Yarber and Costco Meet Resistance in Pursuit of Lakeland Location

by Zachary Oren Smith

by Zachary Oren Smith
editor-in-chief

Mayor Yarber and large wholesaler, Costco, have been working to bring a Costco location to Jackson. Along with the large sales-tax revenue to be gained, Yarber sees Costco as a great choice for the city’s labor force due to its relatively higher wage for entry-level positions as compared to other large wholesalers such as Target and Kroger. Costco’s CEO and President Craig Jelinek supports a national minimum wage increase to $10.10, and acts on this conviction, paying entry level workers $11.50 per hour.

In the company’s initial research, Costco selected three potential locations: two in Rankin County and one on the green space north of Lakeland Drive. Despite having the necessary space for the new location, Rankin is a mostly dry county, so Costco would not be able to sell liquor in its first Mississippi location. The company prefers the Jackson location because of the potential for revenue from alcohol sales and the location’s high visibility and accessibility. This, coupled with the Yarber’s personal investment in the project, makes the Jackson location extremely appealing. This is not to say Costco’s move is not controversial.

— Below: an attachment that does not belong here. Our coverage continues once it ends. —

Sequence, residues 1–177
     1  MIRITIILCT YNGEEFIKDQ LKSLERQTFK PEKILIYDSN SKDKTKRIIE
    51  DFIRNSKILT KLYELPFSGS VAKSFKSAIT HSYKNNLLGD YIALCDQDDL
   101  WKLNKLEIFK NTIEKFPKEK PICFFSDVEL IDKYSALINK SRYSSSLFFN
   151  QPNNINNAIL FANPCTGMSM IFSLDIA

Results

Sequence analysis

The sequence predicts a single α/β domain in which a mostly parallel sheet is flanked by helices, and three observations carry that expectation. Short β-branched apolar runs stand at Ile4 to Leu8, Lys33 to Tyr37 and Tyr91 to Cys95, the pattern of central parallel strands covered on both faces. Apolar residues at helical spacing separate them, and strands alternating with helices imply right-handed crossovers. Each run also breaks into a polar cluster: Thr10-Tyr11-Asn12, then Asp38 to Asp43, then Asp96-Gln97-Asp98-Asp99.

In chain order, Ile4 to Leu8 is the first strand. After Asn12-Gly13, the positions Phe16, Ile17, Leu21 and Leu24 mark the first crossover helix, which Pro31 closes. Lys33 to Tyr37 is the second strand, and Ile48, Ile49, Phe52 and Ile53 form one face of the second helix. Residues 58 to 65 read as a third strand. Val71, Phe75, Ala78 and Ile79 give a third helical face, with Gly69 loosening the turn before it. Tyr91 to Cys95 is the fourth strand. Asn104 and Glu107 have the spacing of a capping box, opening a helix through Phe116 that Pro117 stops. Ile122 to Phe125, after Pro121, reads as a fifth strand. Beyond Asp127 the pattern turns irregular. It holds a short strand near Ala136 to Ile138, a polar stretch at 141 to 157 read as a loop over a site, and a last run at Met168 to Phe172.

Rick Cleveland, director of the Mississippi Sports Hall of Fame and Museum, has expressed disagreement with the project. Because the city has invested so much money into the museums that surround the site—including the sports museum Cleveland runs, Mississippi Children’s Museum, and the Mississippi Agriculture and Forestry Museum—some believe to move a large-box retailer into the location would damage the cultural site. The Lakeland site would also require the demolition of the Michael B. Johnson Memorial Park, a baseball park currently used by Murrah High School’s baseball team. Many in the community also express anxiety over the increased traffic the Costco would bring to Lakeland’s already congested six-lane thoroughfare.

Major debate has arisen around whether or not Costco can even legally own the land. The land was originally a “Special Use District,” meaning that any action done with the management of the land would need to be in the form of a park or other public land site. On Aug. 27, Yarber failed to convince the Jackson Planning Board to rezone the plot as a “C-3” and “Community Mixed-Use,” which would both allow for the building of a Costco. Yarber responded to the planning board, writing, “The secretary of state is mistaken in his assertion, as the 313 acres was parceled off many years ago, with specific parcels being deeded to the state of Mississippi for non-park purposes. Therefore, it is the City’s position that the issue of the reverter may have been waived and is now moot.” In the meantime, Jacksonians can expect the controversy to continue as Yarber pursues the process of rezoning.

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